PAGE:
Full-text · Article · Jan 2015
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    • "A meta-analysis of 35 independent case-control and cohort studies investigating the association of serum 25(OH)D levels with cancer showed a consistent inverse relationship between circulating 25(OH)D levels and colorectal cancer risk [11]; no similar conclusions could however be drawn for other cancer sites. Notably, so far none of the randomised, controlled trials has shown that vitamin D supplementation can prevent cancer [12] [13] although the increase in vitamin D serum levels achieved in one of these trials, the Women's Health Initiative study, was probably insufficient [14]. "
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    ABSTRACT: Vitamin D is formed mainly in the skin upon exposure to sunlight and can as well be taken orally with food or through supplements. While sun exposure is a known risk factor for skin cancer development, vitamin D exerts anti-proliferative and pro-apoptotic effects on melanocytes and keratinocytes in vitro. To clarify the role of vitamin D in skin carcinogenesis, we performed a review of the literature and meta-analysis to evaluate the association of vitamin D serum levels and dietary intake with cutaneous melanoma (CM) and non-melanoma skin cancer (NMSC) risk and melanoma prognostic factors. Twenty papers were included for an overall 1420 CM and 2317 NMSC. The summary relative risks (SRRs) from random effects models for the association of highest versus lowest vitamin D serum levels was 1.46 (95% confidence interval (CI) 0.60-3.53) and 1.64 (95% CI 1.02-2.65) for CM and NMSC, respectively. The SRR for the highest versus lowest quintile of vitamin D intake was 0.86 (95% CI 0.63-1.13) for CM and 1.03 (95% CI 0.95-1.13) for NMSC. Data were suggestive of an inverse association between vitamin D blood levels and CM thickness at diagnosis. Further research is needed to investigate the effect of vitamin D on skin cancer risk in populations with different exposure to sunlight and dietary habits, and to evaluate whether vitamin D supplementation is effective in improving CM survival.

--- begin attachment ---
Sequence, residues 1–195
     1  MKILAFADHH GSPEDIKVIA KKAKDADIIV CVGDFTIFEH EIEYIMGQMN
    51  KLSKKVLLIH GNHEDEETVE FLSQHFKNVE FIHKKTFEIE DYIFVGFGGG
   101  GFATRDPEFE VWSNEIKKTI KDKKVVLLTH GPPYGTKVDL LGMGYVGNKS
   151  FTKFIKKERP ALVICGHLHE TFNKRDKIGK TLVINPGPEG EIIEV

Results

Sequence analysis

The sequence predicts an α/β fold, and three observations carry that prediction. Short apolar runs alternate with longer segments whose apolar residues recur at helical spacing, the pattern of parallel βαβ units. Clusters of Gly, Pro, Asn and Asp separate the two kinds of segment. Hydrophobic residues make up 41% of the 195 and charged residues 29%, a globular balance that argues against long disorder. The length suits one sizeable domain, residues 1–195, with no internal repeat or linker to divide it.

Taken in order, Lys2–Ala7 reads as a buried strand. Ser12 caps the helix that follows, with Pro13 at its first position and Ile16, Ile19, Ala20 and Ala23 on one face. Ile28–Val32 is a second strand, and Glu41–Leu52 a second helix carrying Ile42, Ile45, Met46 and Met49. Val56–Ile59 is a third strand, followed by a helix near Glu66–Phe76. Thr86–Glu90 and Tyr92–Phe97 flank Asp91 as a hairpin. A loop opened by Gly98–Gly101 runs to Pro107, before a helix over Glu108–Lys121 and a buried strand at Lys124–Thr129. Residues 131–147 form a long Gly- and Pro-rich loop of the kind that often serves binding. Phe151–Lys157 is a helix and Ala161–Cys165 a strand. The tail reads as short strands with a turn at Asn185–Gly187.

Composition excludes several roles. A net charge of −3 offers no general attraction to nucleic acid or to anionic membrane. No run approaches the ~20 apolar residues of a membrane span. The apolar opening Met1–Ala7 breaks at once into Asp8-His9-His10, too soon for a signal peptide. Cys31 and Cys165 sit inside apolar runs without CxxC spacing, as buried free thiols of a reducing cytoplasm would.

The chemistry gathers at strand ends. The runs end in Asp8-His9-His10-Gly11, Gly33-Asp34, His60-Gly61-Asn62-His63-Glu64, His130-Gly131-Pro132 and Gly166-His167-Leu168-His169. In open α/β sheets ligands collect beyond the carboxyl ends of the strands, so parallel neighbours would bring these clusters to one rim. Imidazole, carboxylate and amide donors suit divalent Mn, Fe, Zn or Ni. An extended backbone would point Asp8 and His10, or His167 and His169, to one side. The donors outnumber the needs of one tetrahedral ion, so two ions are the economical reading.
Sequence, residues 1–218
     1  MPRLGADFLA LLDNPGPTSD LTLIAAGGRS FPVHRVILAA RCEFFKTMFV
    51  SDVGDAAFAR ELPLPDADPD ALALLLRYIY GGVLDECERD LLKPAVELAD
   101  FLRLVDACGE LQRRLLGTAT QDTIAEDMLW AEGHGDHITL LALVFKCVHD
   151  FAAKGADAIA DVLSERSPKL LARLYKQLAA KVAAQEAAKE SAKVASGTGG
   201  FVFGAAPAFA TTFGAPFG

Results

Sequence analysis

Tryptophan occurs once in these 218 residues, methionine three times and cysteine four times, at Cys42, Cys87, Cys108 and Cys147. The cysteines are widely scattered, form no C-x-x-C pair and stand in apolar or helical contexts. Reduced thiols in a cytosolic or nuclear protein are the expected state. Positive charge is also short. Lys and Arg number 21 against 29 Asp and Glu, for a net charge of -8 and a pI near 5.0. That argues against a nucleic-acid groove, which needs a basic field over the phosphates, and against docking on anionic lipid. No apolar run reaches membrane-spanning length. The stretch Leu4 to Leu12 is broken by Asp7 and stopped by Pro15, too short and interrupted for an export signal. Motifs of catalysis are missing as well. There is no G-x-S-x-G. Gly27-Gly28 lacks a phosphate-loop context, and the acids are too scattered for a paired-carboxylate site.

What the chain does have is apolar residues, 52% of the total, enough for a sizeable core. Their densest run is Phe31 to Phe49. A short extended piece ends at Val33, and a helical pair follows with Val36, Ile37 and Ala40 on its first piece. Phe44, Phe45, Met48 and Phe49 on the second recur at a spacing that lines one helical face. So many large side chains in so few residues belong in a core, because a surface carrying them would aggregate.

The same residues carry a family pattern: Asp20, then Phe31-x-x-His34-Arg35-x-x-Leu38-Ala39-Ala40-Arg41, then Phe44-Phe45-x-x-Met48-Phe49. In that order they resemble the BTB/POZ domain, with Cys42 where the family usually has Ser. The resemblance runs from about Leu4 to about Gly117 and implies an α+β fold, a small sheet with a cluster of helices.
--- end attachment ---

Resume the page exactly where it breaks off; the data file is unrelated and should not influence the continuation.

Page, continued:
Full-text · Article · Jul 2014 · European journal of cancer (Oxford, England: 1990)
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    • "A preliminary analysis of the WHI RCT does not reveal that calcium supplements cut the risk of CRC after a seven-year follow-up.27 Yet a re-evaluation of these data consistently shows an interaction with estrogens, to the extent that calcium modifies the effect on the relation with a risk of CRC depending on whether estrogens are administered concomitantly or not.47 "
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    ABSTRACT: Cancer is a worldwide problem as it will affect one in three men and one in four women during their lifetime. Colorectal cancer (CRC) is the third most frequent cancer in men, after lung and prostate cancer, and is the second most frequent cancer in women after breast cancer. It is also the third cause of death in men and women separately, and is the second most frequent cause of death by cancer if both genders are considered together. CRC represents approximately 10% of deaths by cancer. Modifiable risk factors of CRC include smoking, physical inactivity, being overweight and obesity, eating processed meat, and drinking alcohol excessively. CRC screening programs are possible only in economically developed countries. However, attention should be paid in the future to geographical areas with ageing populations and a western lifestyle.19,20 Sigmoidoscopy screening done with people aged 55-64 years has been demonstrated to reduce the incidence of CRC by 33% and mortality by CRC by 43%.
    Full-text · Article · Jul 2014 · Clinical Medicine Insights: Gastroenterology